May 28, 2021
Published: Journal of Accountancy
By Joseph Radigan
The first few months of 2021 witnessed some major milestones in investors’ and regulators’ efforts to get public companies to provide shareholders with more information about environmental, social, and governance (ESG) issues.
In March, the SEC published a request for public comments about ESG disclosures. The move followed the launch of an Enforcement Division task force to uncover flawed ESG-related disclosures that violate its regulations. Additionally, shareholders are becoming more assertive in getting companies to lessen their reliance on fossil fuels.
A month before the SEC’s moves, the Center for Audit Quality (CAQ) published ESG Reporting and Attestation: A Roadmap for Audit Practitioners to help auditors guide clients in how they should approach ESG disclosures.
During a virtual session Monday, Kristen Sullivan, CPA, CGMA, a partner with Deloitte & Touche LLP and the firm’s Americas region sustainability services leader, gave an overview of the concerns public companies, directors, and auditors have about the new regulatory focus on ESG disclosures. To date, ESG disclosures have tended to be separate from regulatory filings. But the CAQ’s road map is meant to help guide capital market participants through the frequency and consistency of the disclosures and whether the information is comparable from company to company, Sullivan said.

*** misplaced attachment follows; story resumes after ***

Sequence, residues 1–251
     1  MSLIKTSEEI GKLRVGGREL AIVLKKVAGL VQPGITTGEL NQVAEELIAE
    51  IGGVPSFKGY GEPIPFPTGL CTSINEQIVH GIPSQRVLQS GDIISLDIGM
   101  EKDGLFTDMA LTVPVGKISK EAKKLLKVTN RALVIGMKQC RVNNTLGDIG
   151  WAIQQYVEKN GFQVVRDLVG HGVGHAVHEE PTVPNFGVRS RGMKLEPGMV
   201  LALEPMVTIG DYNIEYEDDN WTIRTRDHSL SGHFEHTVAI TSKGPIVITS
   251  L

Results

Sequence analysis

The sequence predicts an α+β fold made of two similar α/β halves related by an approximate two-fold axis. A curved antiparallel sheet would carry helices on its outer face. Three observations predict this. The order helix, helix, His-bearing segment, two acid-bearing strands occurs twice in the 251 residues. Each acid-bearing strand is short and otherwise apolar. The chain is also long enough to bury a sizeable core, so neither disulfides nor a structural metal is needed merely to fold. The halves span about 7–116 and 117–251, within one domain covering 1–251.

“All are much more in the spotlight as the growing attention to ESG disclosure continues to intensify,” said Sullivan, who also chairs the AICPA Auditing Standards Board’s Sustainability Task Force. The developments regarding ESG disclosures are also presenting auditors with a new host of responsibilities.
“We’re seeing a conversation around the role and the value of assurance provided by independent auditors,” Sullivan said.
Typically, new rules and regulations impose an unwelcome burden on financial reporting professionals and their auditors. But the trend toward ESG reporting comes with a twist — the demands for the information have been coming from so many different corners of the market that the development of new standards and reporting regulations may simplify life for CFOs, corporate controllers, and audit committee members.